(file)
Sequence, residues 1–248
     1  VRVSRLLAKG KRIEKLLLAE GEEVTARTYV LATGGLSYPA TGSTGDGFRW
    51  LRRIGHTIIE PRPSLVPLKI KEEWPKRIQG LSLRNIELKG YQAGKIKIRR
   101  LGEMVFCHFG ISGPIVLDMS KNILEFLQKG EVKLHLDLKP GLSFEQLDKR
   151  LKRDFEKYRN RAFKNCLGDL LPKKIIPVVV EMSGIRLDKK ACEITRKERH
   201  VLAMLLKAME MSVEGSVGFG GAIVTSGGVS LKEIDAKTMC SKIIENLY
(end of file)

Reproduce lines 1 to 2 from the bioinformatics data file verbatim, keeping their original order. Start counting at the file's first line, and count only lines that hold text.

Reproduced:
Sequence, residues 1–248
     1  VRVSRLLAKG KRIEKLLLAE GEEVTARTYV LATGGLSYPA TGSTGDGFRW